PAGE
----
Northeast Ohio tornado season is coming, but will it be impacted by milder winter?

After deadly tornado hit Tennessee, it is time to prepare for tornado season in Northeast Ohio.
Updated: Mar. 3, 2020 at 1:22 PM EST
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CLEVELAND, Ohio (WOIO) -Overnight, Tennessee was rocked by multiple tornadoes with the death toll standing at 22 at the time of this report.

A powerful front moved through the Nashville area as people were sleeping and caught many off guard.

“The reason this tornado was so destructive was because it was nocturnal and moved through a big city,” 19 First Alert Meteorologist Kelly Dobeck said. “A strong cold front was pushing through the area and that was the main forcing behind the powerful tornado.”

Ohio’s tornado season is defined as April through June.

Spring Severe Weather Awareness Week in Ohio is March 22-28, with a statewide tornado drill set for 9:50 a.m. on March 25.

According to the state of Ohio, 2019 had more tornadoes than in recent years, at 49.

The state of Ohio tracks the number of tornadoes to impact the state. 2019 saw 49, after a...
The state of Ohio tracks the number of tornadoes to impact the state. 2019 saw 49, after a quieter 2018 at just 18.(Source: Ohio Committee for Severe Weather Awareness)

The mild winter allover the country may influence early spring storms in Northeast Ohio, which could mean an earlier tornado season.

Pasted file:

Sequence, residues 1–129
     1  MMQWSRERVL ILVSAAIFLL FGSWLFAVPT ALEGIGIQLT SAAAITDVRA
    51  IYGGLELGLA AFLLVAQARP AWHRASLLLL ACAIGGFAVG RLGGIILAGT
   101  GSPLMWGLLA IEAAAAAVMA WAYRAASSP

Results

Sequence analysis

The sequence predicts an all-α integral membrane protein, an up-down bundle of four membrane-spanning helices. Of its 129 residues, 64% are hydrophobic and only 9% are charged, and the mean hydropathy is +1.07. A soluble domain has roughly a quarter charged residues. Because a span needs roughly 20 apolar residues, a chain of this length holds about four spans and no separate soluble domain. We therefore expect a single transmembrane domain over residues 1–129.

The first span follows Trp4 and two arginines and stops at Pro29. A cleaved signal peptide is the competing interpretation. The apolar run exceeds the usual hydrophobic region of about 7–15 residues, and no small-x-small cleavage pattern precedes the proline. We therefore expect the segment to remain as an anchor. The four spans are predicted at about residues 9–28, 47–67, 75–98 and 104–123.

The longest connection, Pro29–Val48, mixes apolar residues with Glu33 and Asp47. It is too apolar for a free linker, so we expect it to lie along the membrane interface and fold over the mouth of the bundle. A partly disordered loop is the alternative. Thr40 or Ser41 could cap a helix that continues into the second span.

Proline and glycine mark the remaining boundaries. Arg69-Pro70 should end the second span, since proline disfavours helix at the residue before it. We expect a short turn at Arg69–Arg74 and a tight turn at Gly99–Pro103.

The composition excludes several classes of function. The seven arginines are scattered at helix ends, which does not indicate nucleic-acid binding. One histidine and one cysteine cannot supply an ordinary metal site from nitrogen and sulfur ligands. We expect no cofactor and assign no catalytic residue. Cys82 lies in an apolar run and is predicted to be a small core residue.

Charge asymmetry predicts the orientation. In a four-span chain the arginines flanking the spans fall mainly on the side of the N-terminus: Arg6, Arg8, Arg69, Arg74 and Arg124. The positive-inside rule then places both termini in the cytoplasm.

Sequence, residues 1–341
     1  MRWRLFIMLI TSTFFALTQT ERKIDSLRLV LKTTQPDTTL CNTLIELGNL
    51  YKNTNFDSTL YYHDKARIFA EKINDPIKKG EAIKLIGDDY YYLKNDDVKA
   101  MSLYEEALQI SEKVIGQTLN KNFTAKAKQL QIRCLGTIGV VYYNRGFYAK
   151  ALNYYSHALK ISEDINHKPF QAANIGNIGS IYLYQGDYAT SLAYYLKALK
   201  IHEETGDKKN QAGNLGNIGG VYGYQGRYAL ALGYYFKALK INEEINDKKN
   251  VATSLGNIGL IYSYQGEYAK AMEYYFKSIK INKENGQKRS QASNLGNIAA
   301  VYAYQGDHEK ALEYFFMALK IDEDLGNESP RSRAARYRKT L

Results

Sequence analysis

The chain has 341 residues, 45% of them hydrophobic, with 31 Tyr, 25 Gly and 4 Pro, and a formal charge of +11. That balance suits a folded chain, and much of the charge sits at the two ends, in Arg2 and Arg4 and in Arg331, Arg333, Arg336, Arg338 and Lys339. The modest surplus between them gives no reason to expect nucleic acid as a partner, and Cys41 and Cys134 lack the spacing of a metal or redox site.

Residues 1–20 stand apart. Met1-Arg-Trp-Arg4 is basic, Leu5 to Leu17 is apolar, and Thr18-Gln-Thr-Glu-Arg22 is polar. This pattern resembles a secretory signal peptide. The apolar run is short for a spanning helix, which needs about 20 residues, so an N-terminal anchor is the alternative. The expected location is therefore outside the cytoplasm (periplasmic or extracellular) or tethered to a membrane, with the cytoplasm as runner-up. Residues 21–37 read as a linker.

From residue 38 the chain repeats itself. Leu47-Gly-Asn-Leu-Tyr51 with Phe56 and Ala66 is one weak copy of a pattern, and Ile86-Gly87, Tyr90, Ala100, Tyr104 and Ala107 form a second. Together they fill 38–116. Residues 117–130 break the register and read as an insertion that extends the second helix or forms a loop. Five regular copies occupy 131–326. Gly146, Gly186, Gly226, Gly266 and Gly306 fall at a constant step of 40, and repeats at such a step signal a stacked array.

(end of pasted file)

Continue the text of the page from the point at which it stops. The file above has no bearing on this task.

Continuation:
“It’s not out of the question. Last year we had tornadoes in January,” Dobeck said. “It’s not directly related to the mild winter, though. However, with the current pattern we’re seeing with storm systems moving in from the south bringing in more mild air, if we have the “ingredients” around when the storms move through they could be strong.”

Tornadoes typically develop around cold fronts that collide with warmer air making up two of the main ingredients.

What hit in Nashville was, unfortunately, not all that rare.

“For the southeast, tornadoes aren’t out of the question anytime of the year,” Dobeck said. “Typically, spring months equal more tornadoes because of the higher contrast of warm/cold air interacting.”

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